The Attic, Stratford upon Avon, Thursday 4th September 2014
Shakespeare’s bittersweet rom-com is given a fresh injection of darkness in this touring production by PurpleCoat. The setting is present day – judging by the pulsating dance music and the designs of the beach towels that form the backdrop. Illyria is party central but there are two flies in the ointment. The first is lovelorn Duke Orsino: self-indulgent and selfish, he is a man in love who considers no one else’s passions but his own. The second is the Lady Olivia whose prolonged mourning for her dead father and brother keeps her from the world. These two speak with Liverpool accents, in an interesting reversal of class (their servants are much posher!). In some cases, the accent brings out the naturalism of the script but in others it jars a little. There are moments when the accent brings a note of bathos. There is much to laugh at with this pair. I warmed to Daniel Carmichael’s Duke and Rhea Little’s Olivia, like a WAG, has some deliciously funny moments.
Caitlin Clough is a strong Viola, clever and sometimes vulnerable. Stewart McDonald’s masterly Malvolio is funny and oddly sympathetic; he suffers distress at the hands of practical jokers – it is during the Sir Topaz scene that the play turns dark: the practical joke has gone sour. Even instigator Toby Belch cannot stomach it. Sir Toby is played by director Karl Falconer; by the end he is a broken man. His excesses have got the better of him and he totters around with an Ozzy Osborne frailness. Lee Burnitt’s Feste is rather intense for a jester but his music brings out the melancholy aspects of the play. The main players are strongly supported by Thomas Whittaker (Fabian and Valentine) and Jack Spencer makes an impression as Curio and Viola’s misplaced brother Sebastian.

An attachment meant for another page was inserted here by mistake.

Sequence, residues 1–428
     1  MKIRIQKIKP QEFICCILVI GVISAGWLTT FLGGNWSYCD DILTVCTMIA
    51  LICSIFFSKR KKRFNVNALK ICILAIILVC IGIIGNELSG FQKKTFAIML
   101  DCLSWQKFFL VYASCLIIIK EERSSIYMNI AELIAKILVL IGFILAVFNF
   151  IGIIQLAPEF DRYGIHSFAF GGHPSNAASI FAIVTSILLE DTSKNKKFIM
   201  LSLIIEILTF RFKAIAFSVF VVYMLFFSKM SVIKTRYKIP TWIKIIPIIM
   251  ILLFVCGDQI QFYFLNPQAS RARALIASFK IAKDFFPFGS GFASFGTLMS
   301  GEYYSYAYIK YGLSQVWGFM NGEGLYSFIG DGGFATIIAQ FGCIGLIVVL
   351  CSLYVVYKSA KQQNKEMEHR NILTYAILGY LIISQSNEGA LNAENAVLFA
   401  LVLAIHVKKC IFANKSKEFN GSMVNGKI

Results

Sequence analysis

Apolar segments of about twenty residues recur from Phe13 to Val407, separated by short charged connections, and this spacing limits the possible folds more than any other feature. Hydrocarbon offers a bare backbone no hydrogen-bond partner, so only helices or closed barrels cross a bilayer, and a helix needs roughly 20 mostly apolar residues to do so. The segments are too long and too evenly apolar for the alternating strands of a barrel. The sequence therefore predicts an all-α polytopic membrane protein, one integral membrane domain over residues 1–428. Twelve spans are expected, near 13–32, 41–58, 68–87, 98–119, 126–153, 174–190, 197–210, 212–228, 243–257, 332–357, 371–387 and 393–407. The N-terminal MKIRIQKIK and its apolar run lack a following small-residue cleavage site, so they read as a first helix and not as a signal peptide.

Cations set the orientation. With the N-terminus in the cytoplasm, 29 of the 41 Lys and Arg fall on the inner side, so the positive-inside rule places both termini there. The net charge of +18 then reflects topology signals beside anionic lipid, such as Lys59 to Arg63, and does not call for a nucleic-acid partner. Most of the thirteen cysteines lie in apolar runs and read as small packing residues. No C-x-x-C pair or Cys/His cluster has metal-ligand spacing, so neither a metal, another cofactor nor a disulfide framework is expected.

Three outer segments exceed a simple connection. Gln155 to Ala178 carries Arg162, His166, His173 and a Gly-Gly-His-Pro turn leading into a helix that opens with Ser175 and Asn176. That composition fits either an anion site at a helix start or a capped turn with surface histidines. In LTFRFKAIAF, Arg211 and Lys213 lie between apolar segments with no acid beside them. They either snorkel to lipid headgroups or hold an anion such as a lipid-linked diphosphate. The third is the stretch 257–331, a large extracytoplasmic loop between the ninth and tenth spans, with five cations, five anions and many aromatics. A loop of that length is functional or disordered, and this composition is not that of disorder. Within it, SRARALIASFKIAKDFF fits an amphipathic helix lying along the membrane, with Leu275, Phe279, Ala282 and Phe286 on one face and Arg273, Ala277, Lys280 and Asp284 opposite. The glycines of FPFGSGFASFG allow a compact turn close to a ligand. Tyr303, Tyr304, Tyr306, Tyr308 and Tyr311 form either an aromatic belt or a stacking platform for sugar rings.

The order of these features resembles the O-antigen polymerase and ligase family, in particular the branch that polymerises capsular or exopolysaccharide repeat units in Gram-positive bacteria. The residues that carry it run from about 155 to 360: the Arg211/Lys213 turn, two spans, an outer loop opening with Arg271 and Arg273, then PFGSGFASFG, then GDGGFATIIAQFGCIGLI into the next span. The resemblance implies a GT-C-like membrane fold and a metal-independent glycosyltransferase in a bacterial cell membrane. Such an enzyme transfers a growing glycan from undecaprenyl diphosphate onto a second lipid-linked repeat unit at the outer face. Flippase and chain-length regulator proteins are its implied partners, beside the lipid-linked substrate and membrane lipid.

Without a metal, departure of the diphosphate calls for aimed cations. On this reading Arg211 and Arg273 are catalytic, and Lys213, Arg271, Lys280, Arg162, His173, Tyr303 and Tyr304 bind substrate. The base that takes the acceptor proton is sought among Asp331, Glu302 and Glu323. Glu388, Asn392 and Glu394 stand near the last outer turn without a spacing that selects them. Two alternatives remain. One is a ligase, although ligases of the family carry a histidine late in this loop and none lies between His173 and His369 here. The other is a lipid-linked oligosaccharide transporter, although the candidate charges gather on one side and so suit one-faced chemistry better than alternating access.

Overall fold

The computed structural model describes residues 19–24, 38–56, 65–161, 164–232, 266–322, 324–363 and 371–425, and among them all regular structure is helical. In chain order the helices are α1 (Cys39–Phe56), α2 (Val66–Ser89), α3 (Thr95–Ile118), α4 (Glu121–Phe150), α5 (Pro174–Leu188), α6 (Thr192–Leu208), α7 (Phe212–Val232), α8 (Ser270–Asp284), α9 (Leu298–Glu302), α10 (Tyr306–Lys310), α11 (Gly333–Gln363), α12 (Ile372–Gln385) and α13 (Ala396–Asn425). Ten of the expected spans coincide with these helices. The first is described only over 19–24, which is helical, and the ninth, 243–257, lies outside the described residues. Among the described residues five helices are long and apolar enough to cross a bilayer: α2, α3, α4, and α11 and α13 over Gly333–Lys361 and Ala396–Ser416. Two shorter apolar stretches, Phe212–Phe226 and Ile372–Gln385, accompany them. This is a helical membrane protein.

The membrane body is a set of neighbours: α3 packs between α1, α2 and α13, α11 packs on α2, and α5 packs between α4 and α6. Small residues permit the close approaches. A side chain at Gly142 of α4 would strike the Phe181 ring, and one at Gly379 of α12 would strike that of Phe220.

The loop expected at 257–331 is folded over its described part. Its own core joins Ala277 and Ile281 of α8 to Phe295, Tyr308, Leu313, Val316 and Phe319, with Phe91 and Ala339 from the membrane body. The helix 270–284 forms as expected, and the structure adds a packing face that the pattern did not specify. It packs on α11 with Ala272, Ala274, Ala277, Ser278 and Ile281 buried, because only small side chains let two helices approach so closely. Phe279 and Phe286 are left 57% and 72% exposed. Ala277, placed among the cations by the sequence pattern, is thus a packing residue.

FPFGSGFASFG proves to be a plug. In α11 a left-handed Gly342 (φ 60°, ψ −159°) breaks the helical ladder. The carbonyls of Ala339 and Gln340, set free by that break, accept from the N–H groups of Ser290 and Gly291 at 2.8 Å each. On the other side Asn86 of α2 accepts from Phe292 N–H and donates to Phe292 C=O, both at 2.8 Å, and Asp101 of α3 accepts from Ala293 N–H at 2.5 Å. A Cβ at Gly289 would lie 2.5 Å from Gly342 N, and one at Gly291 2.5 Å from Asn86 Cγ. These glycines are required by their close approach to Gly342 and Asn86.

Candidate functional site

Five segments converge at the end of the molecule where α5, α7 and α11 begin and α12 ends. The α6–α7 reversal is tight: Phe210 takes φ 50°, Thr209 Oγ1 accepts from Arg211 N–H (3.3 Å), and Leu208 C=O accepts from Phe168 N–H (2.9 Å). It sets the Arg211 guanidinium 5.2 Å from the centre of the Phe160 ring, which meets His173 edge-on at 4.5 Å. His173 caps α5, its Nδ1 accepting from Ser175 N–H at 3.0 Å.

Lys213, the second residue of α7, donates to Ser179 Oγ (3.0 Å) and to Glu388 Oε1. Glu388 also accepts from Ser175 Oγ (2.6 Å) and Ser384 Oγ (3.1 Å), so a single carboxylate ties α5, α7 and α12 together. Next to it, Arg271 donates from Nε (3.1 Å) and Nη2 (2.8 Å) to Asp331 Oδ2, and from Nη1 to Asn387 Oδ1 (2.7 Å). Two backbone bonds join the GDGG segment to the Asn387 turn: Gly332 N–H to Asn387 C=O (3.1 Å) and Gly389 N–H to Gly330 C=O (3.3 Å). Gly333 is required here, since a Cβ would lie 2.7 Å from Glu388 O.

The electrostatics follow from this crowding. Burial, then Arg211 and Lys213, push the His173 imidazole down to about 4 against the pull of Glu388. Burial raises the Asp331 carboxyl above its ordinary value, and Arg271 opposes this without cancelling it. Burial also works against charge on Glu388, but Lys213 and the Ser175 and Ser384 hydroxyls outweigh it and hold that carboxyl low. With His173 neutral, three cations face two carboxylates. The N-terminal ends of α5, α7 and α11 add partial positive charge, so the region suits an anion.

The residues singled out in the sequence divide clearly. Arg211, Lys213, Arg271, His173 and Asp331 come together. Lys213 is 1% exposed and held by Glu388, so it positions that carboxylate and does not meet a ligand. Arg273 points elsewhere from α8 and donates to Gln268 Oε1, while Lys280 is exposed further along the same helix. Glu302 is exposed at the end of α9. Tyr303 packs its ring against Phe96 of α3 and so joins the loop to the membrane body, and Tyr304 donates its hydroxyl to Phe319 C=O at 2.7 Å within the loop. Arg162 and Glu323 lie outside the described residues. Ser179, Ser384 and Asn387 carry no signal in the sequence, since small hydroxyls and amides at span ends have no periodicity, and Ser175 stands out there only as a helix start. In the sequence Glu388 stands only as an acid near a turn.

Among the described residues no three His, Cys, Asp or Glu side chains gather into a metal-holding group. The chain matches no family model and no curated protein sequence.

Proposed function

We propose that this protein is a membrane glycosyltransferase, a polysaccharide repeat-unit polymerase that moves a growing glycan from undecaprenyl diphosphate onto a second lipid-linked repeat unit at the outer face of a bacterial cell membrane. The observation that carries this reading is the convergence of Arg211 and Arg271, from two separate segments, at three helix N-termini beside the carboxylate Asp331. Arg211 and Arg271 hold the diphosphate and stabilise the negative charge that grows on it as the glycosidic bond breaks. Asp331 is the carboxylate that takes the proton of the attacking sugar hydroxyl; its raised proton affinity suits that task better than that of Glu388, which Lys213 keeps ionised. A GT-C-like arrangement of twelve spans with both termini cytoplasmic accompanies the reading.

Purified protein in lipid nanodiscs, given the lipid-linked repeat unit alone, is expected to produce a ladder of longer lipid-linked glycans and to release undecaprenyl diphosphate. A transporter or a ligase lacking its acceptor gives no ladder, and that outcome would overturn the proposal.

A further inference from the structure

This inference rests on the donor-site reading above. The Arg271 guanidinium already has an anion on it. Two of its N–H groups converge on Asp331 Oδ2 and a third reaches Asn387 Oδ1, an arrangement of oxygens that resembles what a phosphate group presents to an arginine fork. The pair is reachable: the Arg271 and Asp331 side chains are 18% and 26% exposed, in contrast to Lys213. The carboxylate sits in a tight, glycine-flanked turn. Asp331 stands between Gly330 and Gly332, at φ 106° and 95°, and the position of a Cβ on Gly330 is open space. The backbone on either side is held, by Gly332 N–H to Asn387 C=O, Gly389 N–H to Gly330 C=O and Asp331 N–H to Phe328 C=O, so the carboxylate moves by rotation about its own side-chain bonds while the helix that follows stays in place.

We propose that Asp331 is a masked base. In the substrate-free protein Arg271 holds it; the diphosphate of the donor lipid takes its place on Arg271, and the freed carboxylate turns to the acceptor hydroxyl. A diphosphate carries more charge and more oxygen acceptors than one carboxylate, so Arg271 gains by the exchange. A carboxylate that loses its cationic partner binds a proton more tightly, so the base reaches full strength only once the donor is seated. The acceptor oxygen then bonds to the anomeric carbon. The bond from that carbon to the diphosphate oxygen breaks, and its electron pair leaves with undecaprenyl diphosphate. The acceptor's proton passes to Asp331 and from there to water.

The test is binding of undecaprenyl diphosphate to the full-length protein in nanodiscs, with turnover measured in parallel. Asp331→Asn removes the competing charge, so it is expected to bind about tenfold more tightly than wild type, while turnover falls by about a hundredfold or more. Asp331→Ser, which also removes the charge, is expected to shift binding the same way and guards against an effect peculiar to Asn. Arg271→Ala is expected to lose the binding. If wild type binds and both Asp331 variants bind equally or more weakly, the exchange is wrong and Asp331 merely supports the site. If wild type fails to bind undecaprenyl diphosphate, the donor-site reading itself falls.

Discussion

Strongest of this young cast are Sam Liu’s Sir Andrew Aguecheek, who is part Kenneth Williams, part Charles Hawtrey and part Bertie Wooster, and Natasha Ryan as the scheming Maria. Between them, these two could perform a Carry On film.
There are dips in the energy and while most of the comic business works a treat, there is the odd moment of over-egging the pudding. In this small venue, the broader playing shows up weaknesses in the more naturalistic moments. Problems with the lighting mean often characters are standing in shadow – If they were in for a longer run than just this one performance, I would call these teething problems. I question the interpolation of a “Fuck this!” and Olivia telling Sir Andrew to piss off; they seem too out-of-keeping with the rest of the tone to be funny.
On the whole though, this is an invigorating romp with a touching denouement and a nasty aftertaste, and reminds me why I love the play so much.